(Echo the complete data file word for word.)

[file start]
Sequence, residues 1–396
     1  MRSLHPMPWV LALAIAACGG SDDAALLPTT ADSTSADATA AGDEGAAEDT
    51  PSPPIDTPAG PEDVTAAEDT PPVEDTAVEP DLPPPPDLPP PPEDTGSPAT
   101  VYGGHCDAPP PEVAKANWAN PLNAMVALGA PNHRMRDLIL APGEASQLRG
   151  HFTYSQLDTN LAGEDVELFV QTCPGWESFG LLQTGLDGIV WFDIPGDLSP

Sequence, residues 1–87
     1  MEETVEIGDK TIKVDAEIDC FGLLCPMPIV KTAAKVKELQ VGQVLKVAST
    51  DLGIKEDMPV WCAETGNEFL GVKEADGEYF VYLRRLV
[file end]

Sequence, residues 1–396
     1  MRSLHPMPWV LALAIAACGG SDDAALLPTT ADSTSADATA AGDEGAAEDT
    51  PSPPIDTPAG PEDVTAAEDT PPVEDTAVEP DLPPPPDLPP PPEDTGSPAT
   101  VYGGHCDAPP PEVAKANWAN PLNAMVALGA PNHRMRDLIL APGEASQLRG
   151  HFTYSQLDTN LAGEDVELFV QTCPGWESFG LLQTGLDGIV WFDIPGDLSP

Sequence, residues 1–87
     1  MEETVEIGDK TIKVDAEIDC FGLLCPMPIV KTAAKVKELQ VGQVLKVAST
    51  DLGIKEDMPV WCAETGNEFL GVKEADGEYF VYLRRLV